Stephanie Grimaldi: The science of reading 

Published: 05-29-2023 10:25 AM

It is encouraging to hear that the Northampton Public Schools are engaged in curriculum review and data analysis to improve our children’s reading instruction. The recent article, “Schools eye literacy shift to ‘science of reading,’” [Gazette, May 15], makes some inaccurate statements and over-simplifies the complexity of reading and reading instruction. First, the “science of reading” is not a technique and not limited to phonics instruction. The science of reading is a body of research from multiple disciplines including, but not limited to: education, cognitive science, and linguistics. It informs our understanding of how the brain creates neural networks connecting phonemic awareness (the ability to hear the individual sounds of a language), the symbols of a written system and the sounds they represent, and the meanings of the words being decoded.

The research evidence is clear that systematic and explicit phonics instruction is needed to effectively and efficiently decode written language (a human invention and something our brain needs to learn). The science of reading also provides us with components of language comprehension needed for people to comprehend what they’ve decoded. This concurrent instructional need includes instructional intentionality in building background knowledge, expanding vocabulary, understanding language structures, using verbal reasoning, and knowledge of written language structures.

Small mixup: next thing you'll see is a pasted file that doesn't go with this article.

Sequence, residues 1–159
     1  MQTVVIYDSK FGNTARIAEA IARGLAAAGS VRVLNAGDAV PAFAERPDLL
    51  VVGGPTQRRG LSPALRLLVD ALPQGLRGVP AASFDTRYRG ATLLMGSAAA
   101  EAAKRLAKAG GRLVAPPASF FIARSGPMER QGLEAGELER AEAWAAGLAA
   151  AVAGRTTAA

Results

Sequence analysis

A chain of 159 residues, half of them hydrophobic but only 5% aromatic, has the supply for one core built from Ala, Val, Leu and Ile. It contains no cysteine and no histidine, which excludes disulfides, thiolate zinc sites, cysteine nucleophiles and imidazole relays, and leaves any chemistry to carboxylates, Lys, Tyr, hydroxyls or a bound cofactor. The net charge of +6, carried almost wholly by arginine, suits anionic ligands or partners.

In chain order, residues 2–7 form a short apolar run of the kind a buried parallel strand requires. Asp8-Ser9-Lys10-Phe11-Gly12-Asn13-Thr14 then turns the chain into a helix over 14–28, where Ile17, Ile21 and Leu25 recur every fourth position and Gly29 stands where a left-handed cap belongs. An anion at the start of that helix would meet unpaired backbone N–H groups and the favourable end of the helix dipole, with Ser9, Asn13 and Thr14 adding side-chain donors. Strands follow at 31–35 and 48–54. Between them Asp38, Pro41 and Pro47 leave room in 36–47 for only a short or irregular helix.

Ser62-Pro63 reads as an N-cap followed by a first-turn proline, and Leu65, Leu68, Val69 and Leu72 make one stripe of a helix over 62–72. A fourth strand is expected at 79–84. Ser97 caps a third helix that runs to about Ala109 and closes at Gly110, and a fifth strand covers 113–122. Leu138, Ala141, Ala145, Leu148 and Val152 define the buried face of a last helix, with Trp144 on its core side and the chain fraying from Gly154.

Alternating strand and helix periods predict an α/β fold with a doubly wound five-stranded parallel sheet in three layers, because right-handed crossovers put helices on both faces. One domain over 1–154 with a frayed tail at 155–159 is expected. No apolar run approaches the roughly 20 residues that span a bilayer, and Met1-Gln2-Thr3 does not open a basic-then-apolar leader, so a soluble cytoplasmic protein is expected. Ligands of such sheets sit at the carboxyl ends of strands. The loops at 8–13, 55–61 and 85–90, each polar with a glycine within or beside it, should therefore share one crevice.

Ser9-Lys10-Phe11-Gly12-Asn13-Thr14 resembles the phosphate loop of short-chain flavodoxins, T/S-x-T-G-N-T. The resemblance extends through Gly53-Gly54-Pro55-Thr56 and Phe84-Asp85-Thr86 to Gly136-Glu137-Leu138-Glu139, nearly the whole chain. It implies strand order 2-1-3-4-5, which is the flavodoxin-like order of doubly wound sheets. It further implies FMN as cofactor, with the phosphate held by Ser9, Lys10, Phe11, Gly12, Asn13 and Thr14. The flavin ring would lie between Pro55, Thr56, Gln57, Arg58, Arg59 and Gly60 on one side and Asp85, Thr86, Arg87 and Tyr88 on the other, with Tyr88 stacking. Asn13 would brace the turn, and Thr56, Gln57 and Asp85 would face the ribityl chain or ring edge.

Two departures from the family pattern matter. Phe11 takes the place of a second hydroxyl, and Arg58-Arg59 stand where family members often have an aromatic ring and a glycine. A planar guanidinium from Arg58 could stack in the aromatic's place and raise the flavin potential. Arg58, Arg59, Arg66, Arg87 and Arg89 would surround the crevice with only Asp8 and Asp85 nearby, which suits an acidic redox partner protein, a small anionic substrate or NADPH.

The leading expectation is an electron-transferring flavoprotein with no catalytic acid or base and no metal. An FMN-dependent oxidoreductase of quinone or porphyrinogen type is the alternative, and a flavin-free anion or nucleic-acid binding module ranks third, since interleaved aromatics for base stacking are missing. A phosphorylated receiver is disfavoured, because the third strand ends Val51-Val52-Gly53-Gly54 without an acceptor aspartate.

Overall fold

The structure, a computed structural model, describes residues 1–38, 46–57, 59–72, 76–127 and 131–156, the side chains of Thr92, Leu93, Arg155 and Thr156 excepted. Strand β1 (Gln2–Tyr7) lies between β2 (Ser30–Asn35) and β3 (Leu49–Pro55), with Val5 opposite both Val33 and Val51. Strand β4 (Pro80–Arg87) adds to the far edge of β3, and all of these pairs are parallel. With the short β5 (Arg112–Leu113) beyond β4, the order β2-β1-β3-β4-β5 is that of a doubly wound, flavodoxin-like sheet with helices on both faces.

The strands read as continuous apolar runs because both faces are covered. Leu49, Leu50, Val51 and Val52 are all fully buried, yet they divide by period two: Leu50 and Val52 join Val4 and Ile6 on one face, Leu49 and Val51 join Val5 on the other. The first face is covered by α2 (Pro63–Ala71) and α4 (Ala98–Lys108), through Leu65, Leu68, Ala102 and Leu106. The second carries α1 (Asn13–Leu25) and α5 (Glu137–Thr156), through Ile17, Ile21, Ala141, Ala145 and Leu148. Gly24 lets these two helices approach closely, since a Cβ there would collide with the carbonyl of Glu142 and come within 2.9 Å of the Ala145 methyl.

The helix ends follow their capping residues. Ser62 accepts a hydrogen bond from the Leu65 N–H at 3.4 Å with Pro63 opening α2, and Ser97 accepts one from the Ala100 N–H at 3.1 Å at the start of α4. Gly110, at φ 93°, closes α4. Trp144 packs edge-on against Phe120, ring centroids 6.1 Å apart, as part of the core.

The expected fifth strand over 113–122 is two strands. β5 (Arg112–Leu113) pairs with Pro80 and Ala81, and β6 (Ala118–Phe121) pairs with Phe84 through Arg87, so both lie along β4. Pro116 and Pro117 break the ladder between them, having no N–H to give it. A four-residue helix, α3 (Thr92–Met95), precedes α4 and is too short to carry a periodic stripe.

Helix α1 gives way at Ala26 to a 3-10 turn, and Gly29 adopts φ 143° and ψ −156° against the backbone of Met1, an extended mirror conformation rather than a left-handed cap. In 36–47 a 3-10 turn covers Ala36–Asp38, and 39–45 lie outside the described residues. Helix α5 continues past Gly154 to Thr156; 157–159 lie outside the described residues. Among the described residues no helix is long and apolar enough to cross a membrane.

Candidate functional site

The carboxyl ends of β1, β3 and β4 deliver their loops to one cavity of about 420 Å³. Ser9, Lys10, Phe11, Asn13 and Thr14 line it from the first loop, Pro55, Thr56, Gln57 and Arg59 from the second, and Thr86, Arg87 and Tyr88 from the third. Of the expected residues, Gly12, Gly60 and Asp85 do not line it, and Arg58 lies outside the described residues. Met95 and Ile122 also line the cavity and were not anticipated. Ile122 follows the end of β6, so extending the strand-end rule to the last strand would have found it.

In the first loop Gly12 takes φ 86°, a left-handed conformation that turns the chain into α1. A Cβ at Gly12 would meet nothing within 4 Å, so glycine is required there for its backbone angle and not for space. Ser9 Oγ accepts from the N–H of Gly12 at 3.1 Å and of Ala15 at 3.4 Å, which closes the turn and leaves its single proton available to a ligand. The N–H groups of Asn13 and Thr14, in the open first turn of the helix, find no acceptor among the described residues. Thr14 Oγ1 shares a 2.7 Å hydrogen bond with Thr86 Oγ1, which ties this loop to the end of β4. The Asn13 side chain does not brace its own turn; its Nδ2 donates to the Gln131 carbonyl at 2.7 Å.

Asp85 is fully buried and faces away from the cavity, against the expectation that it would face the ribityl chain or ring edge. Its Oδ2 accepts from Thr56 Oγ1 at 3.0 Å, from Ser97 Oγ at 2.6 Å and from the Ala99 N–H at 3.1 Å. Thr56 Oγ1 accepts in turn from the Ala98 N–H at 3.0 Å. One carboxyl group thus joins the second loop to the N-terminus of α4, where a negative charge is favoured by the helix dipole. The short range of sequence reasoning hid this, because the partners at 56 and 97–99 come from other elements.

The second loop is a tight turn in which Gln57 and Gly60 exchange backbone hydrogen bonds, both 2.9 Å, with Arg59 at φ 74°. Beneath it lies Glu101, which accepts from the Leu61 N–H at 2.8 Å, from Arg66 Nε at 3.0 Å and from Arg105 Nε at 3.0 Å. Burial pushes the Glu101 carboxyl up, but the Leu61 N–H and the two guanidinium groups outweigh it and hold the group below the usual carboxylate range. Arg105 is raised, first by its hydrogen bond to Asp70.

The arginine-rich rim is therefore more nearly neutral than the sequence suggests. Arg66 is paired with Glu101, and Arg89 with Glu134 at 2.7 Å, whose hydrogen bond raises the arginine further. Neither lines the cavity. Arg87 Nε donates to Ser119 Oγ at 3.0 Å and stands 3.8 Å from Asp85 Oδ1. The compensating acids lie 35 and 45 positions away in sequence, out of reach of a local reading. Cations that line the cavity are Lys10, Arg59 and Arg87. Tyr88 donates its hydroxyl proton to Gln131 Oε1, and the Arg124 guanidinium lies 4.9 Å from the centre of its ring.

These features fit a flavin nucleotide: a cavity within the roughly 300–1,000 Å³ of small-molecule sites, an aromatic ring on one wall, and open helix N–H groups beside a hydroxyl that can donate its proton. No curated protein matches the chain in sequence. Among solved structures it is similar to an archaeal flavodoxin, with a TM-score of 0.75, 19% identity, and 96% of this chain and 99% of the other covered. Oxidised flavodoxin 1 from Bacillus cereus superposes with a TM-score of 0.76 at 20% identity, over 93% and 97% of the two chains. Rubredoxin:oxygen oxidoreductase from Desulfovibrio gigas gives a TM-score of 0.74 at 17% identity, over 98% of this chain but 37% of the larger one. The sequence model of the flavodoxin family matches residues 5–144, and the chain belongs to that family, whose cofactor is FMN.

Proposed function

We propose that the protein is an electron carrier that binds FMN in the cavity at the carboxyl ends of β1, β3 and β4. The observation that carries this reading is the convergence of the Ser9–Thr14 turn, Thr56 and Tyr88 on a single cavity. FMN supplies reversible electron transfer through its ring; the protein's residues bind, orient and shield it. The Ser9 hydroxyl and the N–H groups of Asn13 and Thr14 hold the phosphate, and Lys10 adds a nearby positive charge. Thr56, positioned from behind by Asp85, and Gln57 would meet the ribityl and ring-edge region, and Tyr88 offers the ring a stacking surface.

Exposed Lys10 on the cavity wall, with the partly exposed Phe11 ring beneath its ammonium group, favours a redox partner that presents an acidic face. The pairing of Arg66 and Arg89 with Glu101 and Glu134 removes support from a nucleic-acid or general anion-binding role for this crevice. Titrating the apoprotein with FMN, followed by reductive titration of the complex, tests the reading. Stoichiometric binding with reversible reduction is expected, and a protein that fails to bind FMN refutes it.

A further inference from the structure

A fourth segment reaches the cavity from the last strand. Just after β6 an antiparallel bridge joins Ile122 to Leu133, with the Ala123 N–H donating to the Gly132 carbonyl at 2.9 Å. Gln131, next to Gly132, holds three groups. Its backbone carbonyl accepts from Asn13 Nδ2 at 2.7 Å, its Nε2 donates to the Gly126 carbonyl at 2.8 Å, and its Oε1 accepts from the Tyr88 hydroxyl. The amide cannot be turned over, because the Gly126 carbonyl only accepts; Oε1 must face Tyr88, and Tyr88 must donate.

Teachers need to understand the what, why, and how of teaching both word recognition and language comprehension in order to appropriately differentiate instruction to meet the needs of the students sitting in front of them. Furthermore, a Multi-Tiered System of Supports (MTSS) should be in place in each and every classroom where the “core” curriculum (the instruction provided to all students, everyday) is designed to meet the needs of at least 80% of the students. This instruction, often referred to as Tier 1, or primary prevention, is based on universal screening. Secondary (Tier 2, approximately 10-15% of students) and tertiary (Tier 3, approximately 5% of students) instruction is then provided in instructional focus area(s) identified by diagnostic assessments with increasing intensity and adjusted, if needed, based on progress monitoring assessments.

To say that NPS is implementing the science of reading by purchasing a new phonics curriculum and training teachers to use those materials is only addressing a portion, albeit critical, of what is needed to ensure all students become skilled readers. It is my hope that the article provided only a partial picture of the work being done within the schools.

Stephanie Grimaldi, professor of education, Westfield State University